With her fervent R&B/gospel style, Aretha Franklin was a dominant force in the 1960s. In the varying musical climates since then, she hasn't been a major hit-maker but has influenced a generation of artists.
You get a feeling for her talent and the scope of her musical influence on the generally excellent "Aretha Franklin: Duets" (at 10 p.m. Sunday on Fox, Channels 11 and 6). She sings some of her oldies--though oddly omitting her most famous song, "Respect"--with an assortment of pop and rock stars, including Rod Stewart, Bonnie Raitt, Elton John, Gloria Estefan and Smokey Robinson.
On these duets, Franklin, whose voice has grown deeper over the years with no loss of range, effortlessly blows away the competition. The best tunes are her oldies, like "Chain of Fools" (with John, Stewart and Robinson), "A Natural Woman" (with Estefan and Raitt), "This Old Heart of Mine" (with Stewart) and "Since You've Been Gone" (with Raitt).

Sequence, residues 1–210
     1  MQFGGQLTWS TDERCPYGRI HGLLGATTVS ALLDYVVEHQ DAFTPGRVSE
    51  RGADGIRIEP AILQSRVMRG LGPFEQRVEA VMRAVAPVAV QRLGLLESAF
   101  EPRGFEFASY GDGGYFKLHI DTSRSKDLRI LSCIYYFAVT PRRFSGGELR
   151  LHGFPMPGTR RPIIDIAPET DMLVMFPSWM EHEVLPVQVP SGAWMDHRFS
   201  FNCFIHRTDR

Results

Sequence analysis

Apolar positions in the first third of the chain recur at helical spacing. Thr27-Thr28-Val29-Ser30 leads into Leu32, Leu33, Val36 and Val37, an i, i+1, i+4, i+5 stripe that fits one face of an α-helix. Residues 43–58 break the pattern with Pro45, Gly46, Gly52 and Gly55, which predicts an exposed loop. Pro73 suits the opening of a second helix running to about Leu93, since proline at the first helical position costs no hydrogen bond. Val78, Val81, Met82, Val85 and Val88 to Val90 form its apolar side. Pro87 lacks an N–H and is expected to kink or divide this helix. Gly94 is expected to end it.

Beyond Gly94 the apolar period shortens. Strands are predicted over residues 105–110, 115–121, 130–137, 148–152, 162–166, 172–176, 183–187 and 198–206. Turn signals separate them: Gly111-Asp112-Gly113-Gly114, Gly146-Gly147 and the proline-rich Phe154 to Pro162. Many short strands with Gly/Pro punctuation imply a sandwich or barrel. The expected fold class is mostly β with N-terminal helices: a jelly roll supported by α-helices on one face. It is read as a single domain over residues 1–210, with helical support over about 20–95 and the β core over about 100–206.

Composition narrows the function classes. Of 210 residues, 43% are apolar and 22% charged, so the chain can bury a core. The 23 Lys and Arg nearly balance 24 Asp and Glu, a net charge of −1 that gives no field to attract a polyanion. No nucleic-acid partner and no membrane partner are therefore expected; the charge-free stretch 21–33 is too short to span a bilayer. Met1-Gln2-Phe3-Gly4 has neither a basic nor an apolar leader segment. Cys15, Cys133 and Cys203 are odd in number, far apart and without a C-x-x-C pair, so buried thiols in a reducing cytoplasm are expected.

Franklin is on cruise-control on duets on other artists' hits--with Robinson on his "Just to See Her" and with Estefan on "Coming Out of the Dark." She is clearly holding back on the duet with frail-voiced Estefan.
Like no other artist except Ray Charles, Franklin brings to pop a volcanic style that fuses gospel, jazz and blues elements. Other singers have always revered her style, and that comes across loud and clear with all the gushing by her duet partners.